“Boquo has asked,” he said, smirking fiercely, “how to get off the Wheel of 84, the mighty implement of forced reincarnation that grinds us all exceedingly fine.  Does anyone in the class have an answer for him? No?  No?  Ah, then if it is to be it is up to me, eh?  Which is why they pay me the big bucks.”

This was a bitter joke.  A stevedore at the space docks made triple the money given to a teacher.  There were patches on the patches holding together the threadbare trousers he wore with overweening pride.  Few beings can match the feeling of untouchable superiority achieved by a Thuringian scholar.  Gagran Holas Thur was not an ascetic, exactly, but wore his poverty as a badge of honor.  He also detested me for my endless questions.  Yet I knew he would reply…which would of course stir up more questions, which I might or might not contain within myself for the remainder of the session.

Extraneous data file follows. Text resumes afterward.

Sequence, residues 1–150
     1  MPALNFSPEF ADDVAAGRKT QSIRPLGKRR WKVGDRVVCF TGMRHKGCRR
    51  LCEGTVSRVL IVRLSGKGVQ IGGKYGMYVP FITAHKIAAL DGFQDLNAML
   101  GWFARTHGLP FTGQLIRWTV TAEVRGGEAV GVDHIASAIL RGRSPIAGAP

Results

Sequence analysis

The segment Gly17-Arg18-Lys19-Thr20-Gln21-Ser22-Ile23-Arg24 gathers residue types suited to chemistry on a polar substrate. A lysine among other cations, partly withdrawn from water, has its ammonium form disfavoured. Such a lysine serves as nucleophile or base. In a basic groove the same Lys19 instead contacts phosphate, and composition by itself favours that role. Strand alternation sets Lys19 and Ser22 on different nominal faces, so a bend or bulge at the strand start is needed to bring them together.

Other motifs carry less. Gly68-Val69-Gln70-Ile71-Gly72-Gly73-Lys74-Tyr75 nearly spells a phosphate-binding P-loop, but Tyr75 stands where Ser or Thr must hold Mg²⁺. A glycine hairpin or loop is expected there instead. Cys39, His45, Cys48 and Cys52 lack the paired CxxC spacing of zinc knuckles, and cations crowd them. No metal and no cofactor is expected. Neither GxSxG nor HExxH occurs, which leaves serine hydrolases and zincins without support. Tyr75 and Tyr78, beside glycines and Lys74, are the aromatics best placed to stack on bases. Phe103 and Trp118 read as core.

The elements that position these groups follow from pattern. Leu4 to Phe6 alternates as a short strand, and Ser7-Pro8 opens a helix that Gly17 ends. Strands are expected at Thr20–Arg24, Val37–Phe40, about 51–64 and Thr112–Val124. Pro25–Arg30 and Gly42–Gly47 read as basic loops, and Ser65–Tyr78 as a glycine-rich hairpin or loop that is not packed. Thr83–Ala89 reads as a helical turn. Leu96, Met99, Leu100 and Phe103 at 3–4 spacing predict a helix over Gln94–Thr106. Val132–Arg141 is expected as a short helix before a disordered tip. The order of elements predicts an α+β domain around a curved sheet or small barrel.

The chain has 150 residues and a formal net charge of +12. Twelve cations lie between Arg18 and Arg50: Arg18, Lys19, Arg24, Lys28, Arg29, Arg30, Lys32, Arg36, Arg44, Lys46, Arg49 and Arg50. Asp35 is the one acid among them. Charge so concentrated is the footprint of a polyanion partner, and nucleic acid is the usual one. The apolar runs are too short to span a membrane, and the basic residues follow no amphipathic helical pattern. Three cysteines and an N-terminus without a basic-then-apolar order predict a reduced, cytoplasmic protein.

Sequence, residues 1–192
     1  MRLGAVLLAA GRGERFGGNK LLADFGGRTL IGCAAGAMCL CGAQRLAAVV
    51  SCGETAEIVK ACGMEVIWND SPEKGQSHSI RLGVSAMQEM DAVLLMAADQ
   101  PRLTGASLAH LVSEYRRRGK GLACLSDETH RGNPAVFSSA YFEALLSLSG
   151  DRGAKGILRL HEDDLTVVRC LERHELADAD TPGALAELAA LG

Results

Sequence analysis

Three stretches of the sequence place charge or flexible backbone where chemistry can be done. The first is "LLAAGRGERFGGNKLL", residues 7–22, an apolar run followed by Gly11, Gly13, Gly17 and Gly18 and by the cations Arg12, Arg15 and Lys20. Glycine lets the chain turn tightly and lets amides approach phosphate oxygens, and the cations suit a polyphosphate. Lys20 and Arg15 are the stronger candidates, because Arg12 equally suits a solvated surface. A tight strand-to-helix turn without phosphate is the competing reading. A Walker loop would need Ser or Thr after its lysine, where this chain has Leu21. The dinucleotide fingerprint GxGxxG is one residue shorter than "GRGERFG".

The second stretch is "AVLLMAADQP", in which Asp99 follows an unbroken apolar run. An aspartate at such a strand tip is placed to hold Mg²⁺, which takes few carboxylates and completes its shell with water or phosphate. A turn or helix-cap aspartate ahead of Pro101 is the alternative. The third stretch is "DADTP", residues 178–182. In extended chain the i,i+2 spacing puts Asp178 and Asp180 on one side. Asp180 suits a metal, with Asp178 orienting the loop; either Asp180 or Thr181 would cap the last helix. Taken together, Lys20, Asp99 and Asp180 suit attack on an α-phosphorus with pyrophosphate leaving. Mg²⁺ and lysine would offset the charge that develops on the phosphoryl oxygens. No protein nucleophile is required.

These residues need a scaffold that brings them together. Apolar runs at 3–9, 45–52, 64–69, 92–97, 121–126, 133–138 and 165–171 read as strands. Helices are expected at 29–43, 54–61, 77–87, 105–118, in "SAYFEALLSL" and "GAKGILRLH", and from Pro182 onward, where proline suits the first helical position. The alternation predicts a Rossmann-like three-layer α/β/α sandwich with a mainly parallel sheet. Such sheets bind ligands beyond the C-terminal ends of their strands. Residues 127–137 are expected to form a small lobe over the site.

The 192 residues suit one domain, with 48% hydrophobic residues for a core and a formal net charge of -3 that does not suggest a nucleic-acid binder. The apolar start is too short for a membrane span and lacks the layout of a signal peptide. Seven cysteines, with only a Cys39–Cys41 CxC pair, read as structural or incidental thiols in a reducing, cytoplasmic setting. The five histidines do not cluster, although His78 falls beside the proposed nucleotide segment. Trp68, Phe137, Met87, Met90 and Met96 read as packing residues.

It was not that I wished to be rude.  It was that I possessed, or more accurately was possessed by, this burning need to know, and while his answers were seldom satisfactory, better teachers were hard to find on Thuringia.

“How to get off the Wheel of 84?”  He stopped pacing, fixed his steely gaze squarely upon me and thundered, “Quite simply, young fool, you don’t!  It took Sobeet Quark three million lifetimes to perfect himself before he graduated from the Wheel.  You see yourself as better than the mighty Quark, young fool?  Do you?  Eh?  Eh?”

There was no good answer to that.  Openly doubting Quark the Deliverer could get you burned at the stake on Thuringia.  Yet, as I’d known it would, his statement made me want to ask something else.  Such as, how did he know I hadn’t already had more than three million lifetimes my own self, huh?  Huh?  Huh?

Amazingly, I kept my mouth shut and asked no more questions.  

When I woke, still snuggled next to the talking boulder gone mute, I felt oddly refreshed.  This Joffer body was rugged, but it was more than that.  The dream had helped me remember why I’d worked so hard to escape my home planet in the first place.  There was a Godman out there somewhere, but not on Thuringia.  This was something I knew, something far beyond mere belief or even simple faith.  The Godman and I were destined to meet.  It was time, and I’d read somewhere that when it’s time, there is no force in the Universe that can prevent the meeting between the true God-vessel and the seeker.